Nonetheless, the provisions of the Outer Space Treaty that bring consternation to those who would like to sell real estate or mine asteroids in outer space are found in Article II, which states, “Outer space, including the Moon and other celestial bodies, is not subject to national appropriation by claim of sovereignty, by means of use or occupation, or by any other means.” It is precisely this article that the “sense of Congress” noted above is aimed at. As a treaty obligation under the U.S. Constitution, the Outer Space Treaty is “the supreme law of the land,” and there is no constitutional provision allowing this part of the treaty to be selectively ignored. But that surely isn’t the last word on the subject, nor should it be.


I am of the opinion that a new regime for the allocation of outer space resources, for both commercial purposes and as a means of preventing the harmful contamination of space environments, needs to be considered — with the Outer Space Treaty as a guide. There is a clear need for a new agreement among the parties to the Outer Space Treaty and related treaties that will provide a stable, internationally recognized, regulatory framework in which the commercial development of outer space can take place.

How does this law contribute to that? The goals of H.R. 2262 include a directive to the U.S. government to “facilitate commercial exploration for and commercial recovery of space resources” and allow U.S. citizens to do so “free from harmful interference, in accordance with the international obligations of the United States and subject to authorization and continuing supervision by the Federal Government.”

While it is not hard to envision U.S. government regulation of a mining industry (though the Federal Aviation Administration is not the first agency that comes to mind in that regard), or that the FAA could regulate the launch of mining missions and the safe return of space resources (the bill limits “space resources” to “abiotic resources” so the USDA is out). But there is currently no U.S. government agency that has both the mandate and the expertise to regulate the harmful contamination of outer space environments, or to ensure that activities conducted in outer space, beyond Earth orbit, will not pose an unacceptable hazard to the environment of Earth. As such, and with the challenge presented by Outer Space Treaty’s Article II, the Space Resource Exploration and Utilization Act of 2015 can best be seen as a mandate for the U.S. government to seek a future solution to the issues it raises.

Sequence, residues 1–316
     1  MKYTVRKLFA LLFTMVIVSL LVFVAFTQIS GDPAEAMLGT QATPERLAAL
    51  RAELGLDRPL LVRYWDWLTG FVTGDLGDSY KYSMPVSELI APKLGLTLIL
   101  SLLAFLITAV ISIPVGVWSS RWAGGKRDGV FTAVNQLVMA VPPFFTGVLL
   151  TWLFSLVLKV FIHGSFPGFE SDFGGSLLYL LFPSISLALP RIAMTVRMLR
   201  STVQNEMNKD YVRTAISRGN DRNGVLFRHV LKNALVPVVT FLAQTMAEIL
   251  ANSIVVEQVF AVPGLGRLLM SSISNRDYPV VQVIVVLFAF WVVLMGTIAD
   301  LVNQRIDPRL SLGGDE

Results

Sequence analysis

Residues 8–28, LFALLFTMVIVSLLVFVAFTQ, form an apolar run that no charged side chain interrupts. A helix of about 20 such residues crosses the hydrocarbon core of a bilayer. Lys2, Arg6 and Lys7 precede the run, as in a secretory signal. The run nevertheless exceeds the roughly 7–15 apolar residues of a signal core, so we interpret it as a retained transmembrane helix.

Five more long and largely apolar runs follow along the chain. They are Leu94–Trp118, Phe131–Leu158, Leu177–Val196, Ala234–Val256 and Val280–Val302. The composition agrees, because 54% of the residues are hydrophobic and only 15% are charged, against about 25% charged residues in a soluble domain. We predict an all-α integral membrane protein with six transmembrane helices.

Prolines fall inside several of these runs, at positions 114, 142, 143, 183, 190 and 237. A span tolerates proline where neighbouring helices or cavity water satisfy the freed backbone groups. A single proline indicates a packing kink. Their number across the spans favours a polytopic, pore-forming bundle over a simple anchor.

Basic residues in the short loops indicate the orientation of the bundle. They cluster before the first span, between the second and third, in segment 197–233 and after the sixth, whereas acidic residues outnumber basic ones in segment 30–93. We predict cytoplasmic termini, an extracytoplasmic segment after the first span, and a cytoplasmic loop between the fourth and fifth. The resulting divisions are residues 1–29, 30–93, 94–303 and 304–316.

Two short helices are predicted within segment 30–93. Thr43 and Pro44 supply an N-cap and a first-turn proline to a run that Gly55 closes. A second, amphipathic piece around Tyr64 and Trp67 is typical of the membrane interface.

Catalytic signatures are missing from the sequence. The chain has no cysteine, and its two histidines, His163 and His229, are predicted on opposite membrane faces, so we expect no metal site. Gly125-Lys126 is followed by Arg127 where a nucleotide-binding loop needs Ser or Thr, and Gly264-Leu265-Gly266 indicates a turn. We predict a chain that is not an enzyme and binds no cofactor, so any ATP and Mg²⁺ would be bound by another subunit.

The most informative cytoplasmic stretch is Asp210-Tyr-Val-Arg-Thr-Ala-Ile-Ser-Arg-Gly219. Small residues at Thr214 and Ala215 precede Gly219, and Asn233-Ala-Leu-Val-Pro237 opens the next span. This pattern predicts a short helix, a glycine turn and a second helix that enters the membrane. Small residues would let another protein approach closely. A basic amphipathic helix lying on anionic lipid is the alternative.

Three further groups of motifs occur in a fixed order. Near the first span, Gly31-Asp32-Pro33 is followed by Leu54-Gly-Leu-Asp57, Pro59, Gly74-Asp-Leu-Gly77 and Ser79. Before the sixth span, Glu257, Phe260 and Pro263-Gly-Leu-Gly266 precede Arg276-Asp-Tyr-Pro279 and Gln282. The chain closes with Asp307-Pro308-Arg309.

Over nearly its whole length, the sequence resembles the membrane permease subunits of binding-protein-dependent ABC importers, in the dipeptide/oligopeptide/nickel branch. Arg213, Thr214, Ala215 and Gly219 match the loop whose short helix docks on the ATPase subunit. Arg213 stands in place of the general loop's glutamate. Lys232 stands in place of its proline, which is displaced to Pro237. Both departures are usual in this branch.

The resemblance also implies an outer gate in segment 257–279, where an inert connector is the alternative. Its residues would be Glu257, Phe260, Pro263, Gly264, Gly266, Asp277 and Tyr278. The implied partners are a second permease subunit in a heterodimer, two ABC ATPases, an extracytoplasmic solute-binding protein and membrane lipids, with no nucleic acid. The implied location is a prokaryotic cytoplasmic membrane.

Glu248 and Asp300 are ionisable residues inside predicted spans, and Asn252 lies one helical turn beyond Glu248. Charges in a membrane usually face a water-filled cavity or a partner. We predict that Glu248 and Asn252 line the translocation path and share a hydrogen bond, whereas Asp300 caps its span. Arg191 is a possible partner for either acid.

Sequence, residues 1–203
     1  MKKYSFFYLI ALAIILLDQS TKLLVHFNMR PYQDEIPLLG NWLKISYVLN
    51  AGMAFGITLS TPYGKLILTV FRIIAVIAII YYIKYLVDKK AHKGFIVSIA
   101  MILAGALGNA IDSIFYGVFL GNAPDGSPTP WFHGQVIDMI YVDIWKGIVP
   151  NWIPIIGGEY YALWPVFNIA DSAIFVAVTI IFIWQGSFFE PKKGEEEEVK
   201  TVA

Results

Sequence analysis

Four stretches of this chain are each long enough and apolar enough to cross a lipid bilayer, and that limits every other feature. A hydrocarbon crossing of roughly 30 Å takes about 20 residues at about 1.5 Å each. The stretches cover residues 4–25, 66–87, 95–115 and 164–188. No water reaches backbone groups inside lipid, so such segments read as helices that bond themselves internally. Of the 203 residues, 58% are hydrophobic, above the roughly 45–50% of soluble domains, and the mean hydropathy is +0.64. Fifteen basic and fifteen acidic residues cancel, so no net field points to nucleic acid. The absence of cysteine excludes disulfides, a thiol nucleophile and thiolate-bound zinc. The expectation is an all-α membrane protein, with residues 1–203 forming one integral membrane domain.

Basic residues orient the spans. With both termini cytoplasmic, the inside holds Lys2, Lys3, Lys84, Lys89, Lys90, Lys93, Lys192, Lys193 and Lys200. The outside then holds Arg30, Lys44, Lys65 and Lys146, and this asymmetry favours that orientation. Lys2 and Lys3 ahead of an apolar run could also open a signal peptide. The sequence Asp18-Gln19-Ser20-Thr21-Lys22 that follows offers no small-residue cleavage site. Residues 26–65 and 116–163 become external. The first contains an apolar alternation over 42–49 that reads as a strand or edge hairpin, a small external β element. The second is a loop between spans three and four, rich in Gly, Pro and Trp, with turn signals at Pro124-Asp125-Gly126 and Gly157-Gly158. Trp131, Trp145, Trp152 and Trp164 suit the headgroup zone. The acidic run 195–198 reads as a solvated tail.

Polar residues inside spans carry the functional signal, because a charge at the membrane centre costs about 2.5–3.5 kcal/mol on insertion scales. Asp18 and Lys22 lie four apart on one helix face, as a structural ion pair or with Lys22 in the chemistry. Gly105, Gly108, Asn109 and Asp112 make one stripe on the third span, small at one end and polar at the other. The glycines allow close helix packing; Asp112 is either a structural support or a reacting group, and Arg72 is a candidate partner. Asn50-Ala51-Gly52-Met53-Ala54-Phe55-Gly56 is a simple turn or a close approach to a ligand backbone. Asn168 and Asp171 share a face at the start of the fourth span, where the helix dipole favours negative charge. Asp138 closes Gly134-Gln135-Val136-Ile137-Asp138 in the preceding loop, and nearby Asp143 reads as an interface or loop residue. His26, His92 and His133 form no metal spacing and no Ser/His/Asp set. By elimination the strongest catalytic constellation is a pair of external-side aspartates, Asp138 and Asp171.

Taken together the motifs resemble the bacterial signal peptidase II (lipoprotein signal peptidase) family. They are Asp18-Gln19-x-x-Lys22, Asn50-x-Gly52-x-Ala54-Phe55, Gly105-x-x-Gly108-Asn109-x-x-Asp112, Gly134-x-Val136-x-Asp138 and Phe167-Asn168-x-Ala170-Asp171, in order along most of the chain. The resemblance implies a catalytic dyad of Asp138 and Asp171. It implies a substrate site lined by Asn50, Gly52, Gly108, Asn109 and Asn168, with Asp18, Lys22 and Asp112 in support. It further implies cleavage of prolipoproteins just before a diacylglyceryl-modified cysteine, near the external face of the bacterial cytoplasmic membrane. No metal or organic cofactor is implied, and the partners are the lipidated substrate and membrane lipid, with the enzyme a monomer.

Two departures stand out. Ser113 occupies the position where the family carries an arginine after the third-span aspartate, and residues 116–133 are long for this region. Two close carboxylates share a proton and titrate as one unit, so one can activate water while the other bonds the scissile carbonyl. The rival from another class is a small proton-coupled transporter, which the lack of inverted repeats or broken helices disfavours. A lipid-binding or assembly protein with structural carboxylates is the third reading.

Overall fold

I hesitate to note that the International Seabed Authority (ISA) is one model for a regulatory regime that could be applied as an extension to the Outer Space Treaty, given the original provisions in the Convention on the Law of the Sea that were intended to allow the ISA to compete with the entities it regulates, as well as an almost complete lack of a scientific structure in the ISA to gauge the correctness and foresight of its decisions. However, the Convention on the Law of the Sea itself demonstrates a pathway to the required elaboration and extension of the Outer Space Treaty and related agreements in outer space law. Under such a convention, an international sovereign entity could be constructed that would provide for the international, rather than national, appropriation of outer space and a provision could be made to give that entity the ability to exercise that sovereignty to provide for both the commercial use of outer space and for the protection of those places in space that might warrant it.

Under such a regime — difficult to construct but essential to the future development of outer space — the goals espoused by the Space Resource Exploration and Utilization Act of 2015 might someday be attained, not just for U.S. citizens but as “the province of all mankind.”

Perhaps even for that original Moon Man.

John D. Rummel is a former NASA planetary protection officer. He is currently a visiting scholar at the Institute of Air and Space Law at McGill University and a senior scientist with the SETI Institute.

John D. Rummel

John D. Rummel is a former NASA planetary protection officer. He is currently a visiting scholar at the Institute of Air and Space Law at McGill University and a senior scientist with the SETI Institute.

Brian Berger is editor in chief of and the SpaceNews magazine. He joined in 1998, spending his first decade with the publication covering NASA. His reporting on the 2003 Space Shuttle Columbia accident was...